In 2002, the Martin Scorcese film Gangs of New York told the story of Civil War-era street gangs, the violent underworld of a city run by Tammany Hall “Machine” politician William “Boss” Tweed. The slum tenements of turn-of-the century New York were borne of this earlier period, a vicious, teeming underworld of petty criminals and street gangs including the Five Point, Whyos, Chichester and a score of others.
James Vincenzo was born into this world on this day in 1892, a world of gang violence where rivalries were brutal and fights armed and often, to the death. James ran to the defense of his younger brother Al after one gang-banger slashed the boy across the face, hurling his little brother’s attacker through a plate glass window.
While many of the boys of this day grew into the criminals of another era, James left New York City for the life of a circus roustabout.
This was the age of the silent film, William S. Hart one of the great “cowboy” stars of the era. Hart was larger than life, the six-gun toting cow-punching gunslinger from a bygone era.
The roustabout so idolized the silent film star he adopted the mannerisms, the low-slung six-shooters, red bandanna and the ten-gallon hat. Not content with merely aping all that cinematic charisma, James went so far as to adopt the man’s name.
Richard James Hart stepped off the freight train in 1919, a walking, talking anachronism. He was a 19th century Wild West gunfighter, from his cowboy boots to his embroidered vest to that broad-brimmed stetson hat. This was Homer Nebraska, a small town of about 500, some seventeen miles from Sioux City Iowa.
He claimed to be a hero of the Great War, personally decorated by General John J. Pershing. Intelligent, ambitious and not afraid of a little hard work, Hart took jobs as paper hanger, house painter, whatever it took.
He was short and powerfully built with the look of a man who carried mixed Indian or Mexican blood, regaling veterans at the local American Legion with tales of his exploits, against the Hun.
The man could fight and he knew how to use those guns, amazing onlookers with feats of marksmanship, behind the Legion post.
Any doubts about Hart’s physical courage were put to rest that May when a flash-flood nearly killed the Winch family of neighboring Emerson Nebraska. Hart dashed across the raging flood time after time to bring the family to safety. Nineteen-year-old Kathleen was so taken with her savior she married the man that Fall, a marriage which would produce four boys.
The small town was enthralled by this new arrival, the town council appointing Hart as Marshall. He was a big fish in a small pond, elected commander of the Legion post and district commissioner for the Boy Scouts of America.
The 18th Amendment to the Constitution was ratified on January 16 of that year, the Volstead Act passed by the United States Congress over the veto of President Woodrow Wilson on October 29. “Prohibition” had descended across the land. It was now illegal to produce, import, transport or sell intoxicating liquor.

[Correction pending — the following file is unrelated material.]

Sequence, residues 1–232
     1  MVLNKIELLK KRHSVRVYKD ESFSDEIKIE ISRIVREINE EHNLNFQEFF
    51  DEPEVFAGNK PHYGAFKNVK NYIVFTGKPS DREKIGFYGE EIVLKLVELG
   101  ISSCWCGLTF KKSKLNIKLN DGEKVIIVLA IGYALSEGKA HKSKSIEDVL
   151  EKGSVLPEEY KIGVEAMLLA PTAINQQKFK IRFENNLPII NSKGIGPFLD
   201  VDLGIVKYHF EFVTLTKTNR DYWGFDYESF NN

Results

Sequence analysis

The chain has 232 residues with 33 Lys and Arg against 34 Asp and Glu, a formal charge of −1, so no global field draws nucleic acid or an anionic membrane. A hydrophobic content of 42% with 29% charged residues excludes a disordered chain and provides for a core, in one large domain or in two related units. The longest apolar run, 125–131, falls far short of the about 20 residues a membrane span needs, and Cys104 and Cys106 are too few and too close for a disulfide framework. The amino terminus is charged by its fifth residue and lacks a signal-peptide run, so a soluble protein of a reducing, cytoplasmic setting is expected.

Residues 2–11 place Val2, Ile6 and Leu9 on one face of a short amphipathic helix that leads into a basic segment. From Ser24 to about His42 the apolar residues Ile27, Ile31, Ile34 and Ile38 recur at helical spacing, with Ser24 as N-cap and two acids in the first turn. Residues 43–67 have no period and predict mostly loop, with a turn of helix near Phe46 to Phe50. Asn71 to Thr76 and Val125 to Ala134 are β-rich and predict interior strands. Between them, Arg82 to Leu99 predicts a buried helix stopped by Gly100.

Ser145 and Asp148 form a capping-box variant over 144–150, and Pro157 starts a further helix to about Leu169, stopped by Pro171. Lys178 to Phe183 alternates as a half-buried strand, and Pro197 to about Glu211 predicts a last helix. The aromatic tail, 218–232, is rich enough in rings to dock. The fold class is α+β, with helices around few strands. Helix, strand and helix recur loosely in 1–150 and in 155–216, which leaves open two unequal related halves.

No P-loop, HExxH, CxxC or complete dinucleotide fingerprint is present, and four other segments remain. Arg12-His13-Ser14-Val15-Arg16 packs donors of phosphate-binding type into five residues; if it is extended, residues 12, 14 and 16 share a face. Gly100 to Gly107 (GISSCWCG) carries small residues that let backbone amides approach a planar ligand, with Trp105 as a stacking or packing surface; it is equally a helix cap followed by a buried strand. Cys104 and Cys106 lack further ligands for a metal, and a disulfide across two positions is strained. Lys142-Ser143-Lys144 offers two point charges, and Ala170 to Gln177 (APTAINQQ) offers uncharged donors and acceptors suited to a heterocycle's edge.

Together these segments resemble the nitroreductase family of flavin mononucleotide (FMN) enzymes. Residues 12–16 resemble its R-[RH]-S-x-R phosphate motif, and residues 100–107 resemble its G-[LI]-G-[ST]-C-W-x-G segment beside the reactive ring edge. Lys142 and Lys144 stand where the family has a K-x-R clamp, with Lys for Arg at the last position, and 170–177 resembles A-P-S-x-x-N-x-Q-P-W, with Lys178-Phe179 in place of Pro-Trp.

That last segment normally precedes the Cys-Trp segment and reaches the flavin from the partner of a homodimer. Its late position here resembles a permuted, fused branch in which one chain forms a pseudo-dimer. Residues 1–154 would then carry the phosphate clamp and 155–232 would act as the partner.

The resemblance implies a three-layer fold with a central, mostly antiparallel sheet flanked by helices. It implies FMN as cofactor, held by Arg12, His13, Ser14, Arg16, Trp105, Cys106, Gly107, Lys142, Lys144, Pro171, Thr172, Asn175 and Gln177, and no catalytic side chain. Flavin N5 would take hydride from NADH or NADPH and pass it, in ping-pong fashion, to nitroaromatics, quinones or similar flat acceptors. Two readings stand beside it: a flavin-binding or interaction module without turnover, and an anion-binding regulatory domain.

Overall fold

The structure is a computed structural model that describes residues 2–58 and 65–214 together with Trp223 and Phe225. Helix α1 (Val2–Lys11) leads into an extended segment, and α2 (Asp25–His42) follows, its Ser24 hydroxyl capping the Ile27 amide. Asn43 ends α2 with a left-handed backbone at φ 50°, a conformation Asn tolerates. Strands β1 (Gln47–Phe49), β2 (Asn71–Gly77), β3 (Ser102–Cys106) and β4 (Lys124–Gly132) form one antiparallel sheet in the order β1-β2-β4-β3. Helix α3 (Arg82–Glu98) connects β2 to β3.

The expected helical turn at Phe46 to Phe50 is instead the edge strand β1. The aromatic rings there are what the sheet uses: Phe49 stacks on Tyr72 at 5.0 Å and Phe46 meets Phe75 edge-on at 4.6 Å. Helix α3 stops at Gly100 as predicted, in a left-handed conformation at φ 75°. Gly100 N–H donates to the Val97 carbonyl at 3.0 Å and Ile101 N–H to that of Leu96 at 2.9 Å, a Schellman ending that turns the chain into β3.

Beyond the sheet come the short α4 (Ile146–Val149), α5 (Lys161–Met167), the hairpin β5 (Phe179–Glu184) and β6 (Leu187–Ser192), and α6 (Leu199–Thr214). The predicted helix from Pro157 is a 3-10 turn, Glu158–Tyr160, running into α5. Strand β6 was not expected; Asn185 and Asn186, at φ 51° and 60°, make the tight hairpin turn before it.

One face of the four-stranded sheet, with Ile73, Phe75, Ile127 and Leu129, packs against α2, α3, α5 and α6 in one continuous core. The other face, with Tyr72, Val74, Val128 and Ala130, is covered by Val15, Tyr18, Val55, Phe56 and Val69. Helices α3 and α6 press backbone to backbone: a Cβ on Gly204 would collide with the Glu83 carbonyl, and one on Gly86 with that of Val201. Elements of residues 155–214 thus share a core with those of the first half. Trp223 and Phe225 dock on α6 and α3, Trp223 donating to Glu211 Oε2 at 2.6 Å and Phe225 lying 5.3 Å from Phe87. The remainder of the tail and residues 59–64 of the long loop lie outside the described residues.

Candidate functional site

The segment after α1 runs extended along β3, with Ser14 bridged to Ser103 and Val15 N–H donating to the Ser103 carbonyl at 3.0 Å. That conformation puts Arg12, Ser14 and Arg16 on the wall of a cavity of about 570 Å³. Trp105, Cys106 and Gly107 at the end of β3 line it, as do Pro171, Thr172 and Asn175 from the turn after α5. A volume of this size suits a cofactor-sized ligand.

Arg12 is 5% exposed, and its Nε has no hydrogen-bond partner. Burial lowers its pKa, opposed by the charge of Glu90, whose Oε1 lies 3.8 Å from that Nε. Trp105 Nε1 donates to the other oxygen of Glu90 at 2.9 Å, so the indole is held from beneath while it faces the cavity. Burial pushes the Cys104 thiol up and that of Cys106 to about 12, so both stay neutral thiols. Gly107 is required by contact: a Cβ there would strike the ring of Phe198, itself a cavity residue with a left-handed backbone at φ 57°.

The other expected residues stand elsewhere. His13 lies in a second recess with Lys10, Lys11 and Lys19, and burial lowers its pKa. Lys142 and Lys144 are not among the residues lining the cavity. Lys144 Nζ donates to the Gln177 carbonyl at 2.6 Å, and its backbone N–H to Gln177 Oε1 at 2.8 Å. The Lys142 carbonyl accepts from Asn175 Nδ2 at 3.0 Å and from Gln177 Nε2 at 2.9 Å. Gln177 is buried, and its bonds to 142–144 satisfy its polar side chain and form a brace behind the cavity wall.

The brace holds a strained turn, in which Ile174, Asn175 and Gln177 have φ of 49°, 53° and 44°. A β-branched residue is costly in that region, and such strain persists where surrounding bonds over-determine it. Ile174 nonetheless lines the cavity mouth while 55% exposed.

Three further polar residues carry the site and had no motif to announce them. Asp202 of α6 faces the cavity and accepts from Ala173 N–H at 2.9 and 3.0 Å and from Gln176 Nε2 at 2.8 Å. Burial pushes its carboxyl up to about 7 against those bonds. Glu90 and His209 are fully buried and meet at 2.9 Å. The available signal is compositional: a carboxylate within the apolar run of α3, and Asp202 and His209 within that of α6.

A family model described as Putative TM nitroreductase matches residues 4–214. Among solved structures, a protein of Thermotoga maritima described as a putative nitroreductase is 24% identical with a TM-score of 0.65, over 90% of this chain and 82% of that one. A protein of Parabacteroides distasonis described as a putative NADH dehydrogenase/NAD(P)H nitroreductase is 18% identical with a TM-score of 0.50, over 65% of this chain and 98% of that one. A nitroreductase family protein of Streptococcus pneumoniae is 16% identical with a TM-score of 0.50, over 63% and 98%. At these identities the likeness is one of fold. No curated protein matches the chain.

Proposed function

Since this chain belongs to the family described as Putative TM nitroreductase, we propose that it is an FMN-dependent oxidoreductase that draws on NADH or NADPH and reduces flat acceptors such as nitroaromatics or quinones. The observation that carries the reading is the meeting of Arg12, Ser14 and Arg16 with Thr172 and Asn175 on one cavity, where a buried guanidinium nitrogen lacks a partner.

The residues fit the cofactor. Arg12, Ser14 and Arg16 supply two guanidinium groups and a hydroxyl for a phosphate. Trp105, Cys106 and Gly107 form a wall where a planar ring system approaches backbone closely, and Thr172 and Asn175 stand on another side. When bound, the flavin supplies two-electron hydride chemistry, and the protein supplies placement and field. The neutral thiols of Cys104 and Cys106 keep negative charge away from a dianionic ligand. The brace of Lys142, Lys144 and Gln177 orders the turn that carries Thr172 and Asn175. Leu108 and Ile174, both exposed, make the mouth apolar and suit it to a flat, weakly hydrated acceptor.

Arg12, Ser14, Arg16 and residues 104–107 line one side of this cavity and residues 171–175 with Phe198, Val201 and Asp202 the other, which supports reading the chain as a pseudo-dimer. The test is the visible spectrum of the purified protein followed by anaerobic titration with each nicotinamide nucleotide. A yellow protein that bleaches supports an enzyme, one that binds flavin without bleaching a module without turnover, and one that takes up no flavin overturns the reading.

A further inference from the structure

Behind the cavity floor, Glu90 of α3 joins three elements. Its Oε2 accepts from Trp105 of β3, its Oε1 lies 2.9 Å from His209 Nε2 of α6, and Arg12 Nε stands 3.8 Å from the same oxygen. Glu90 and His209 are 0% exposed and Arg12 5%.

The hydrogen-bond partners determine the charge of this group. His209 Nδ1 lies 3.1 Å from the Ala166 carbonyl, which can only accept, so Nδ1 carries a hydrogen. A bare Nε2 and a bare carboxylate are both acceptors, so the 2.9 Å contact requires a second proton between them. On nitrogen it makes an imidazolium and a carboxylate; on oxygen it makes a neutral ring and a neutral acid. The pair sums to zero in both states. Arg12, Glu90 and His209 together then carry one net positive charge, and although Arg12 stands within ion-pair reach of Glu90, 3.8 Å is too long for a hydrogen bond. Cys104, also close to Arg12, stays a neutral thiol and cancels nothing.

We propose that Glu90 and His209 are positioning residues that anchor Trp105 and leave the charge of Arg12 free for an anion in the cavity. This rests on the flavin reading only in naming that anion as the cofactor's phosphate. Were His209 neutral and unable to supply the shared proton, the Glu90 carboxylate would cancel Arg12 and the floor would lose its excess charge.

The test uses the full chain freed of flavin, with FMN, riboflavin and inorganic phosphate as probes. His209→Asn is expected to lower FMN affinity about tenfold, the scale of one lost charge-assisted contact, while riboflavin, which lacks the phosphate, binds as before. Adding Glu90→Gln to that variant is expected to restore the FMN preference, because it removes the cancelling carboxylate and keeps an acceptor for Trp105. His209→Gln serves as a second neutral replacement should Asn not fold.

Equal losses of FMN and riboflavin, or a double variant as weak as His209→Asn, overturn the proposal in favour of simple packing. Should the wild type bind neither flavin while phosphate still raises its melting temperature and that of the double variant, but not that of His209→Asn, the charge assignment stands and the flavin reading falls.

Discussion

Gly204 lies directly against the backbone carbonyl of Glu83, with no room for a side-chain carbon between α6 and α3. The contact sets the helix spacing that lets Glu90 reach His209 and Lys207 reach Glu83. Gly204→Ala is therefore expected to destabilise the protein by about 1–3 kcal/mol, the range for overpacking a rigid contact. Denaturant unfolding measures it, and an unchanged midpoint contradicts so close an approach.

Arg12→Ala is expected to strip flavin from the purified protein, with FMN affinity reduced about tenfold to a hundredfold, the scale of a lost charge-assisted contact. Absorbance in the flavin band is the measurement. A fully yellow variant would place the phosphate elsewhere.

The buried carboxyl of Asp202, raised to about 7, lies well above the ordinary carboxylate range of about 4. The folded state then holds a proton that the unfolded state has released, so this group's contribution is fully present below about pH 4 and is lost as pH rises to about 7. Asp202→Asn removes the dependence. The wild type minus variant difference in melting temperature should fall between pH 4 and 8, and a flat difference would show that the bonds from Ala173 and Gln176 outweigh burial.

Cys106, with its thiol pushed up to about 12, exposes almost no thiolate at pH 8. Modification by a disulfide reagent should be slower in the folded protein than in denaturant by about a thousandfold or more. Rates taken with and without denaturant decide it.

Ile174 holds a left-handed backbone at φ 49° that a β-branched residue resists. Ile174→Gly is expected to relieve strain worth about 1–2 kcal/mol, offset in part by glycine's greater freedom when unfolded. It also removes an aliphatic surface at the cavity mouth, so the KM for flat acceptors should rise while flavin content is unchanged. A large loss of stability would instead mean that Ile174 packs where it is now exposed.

Richard Hart became Prohibition Agent in the Summer of 1920 and went immediately to work, destroying stills and arresting area bootleggers.
Hart was loved by Temperance types and hated by the “wets”, and famous across the state of Nebraska. The Homer Star reported their hometown hero was “becoming such a menace in the state that his name alone carries terror to the heart of every criminal.”
Officials at the federal Bureau of Indian Affairs took note and before long, Hart was performing the more difficult (and dangerous) job of liquor suppression on the reservations.
Hart brought his chaps and his six-shooters to South Dakota, where the Yanktown reservation superintendent reported to his superiors in Washington “I wish to commend Mr. Hart in highest terms for his fearless and untiring efforts to bring these liquor peddlers and moonshiners to justice. …This man Hart is a go-getter.”
Hart became proficient in Lakota and Omaha dialects. Tribal leaders called him “Two Gun”, after the twin revolvers he wore. Some members of the Oglala tribe called him “Soiko”, the name roughly translating as “Big hairy boogey-man”.
By 1927, Two-Guns Hart had achieved such a reputation as to be appointed bodyguard to President Calvin Coolidge, on a trip through the Black Hills of South Dakota.
By 1930, Richard James Hart was so famous as to receive a letter addressed only to “Hart”, along with the sketch of a brace of pistols.
Hart became livestock inspector after repeal of prohibition, and special agent assigned to the Winnebago and Omaha reservations. He was re-appointed Marshall of his adopted home town but, depression-era Nebraska was tough. The money was minuscule and the Marshall was caught, stealing cans of food.
The relatives of one bootlegging victim of his earlier days tracked him down and beat him so severely with brass knuckles, the Prohibition Cowboy lost sight in one eye.
Fellow members of the American Legion had by this time contacted the Army to learn Hart’s WW1 tales, were all fake. Richard James Hart was never in the Army though his namesake Richard Jr. died fighting for the nation, in World War 2.
Turns out that other parts of the lawman’s story were fraudulent, too. Like the Italian American actor Espera Oscar de Corti better known as “Iron Eyes Cody”, the “crying Indian” of those commercials had no Native American blood. Nor did the Italian American Richard James Hart.
The Lawman had left the slums of Brooklyn to become a Prohibition Cowboy while that little brother slashed across the face, had pursued a life of crime. Richard James Hart was James Vincenzo Capone, long lost brother of Alphonse “Scarface” Capone.
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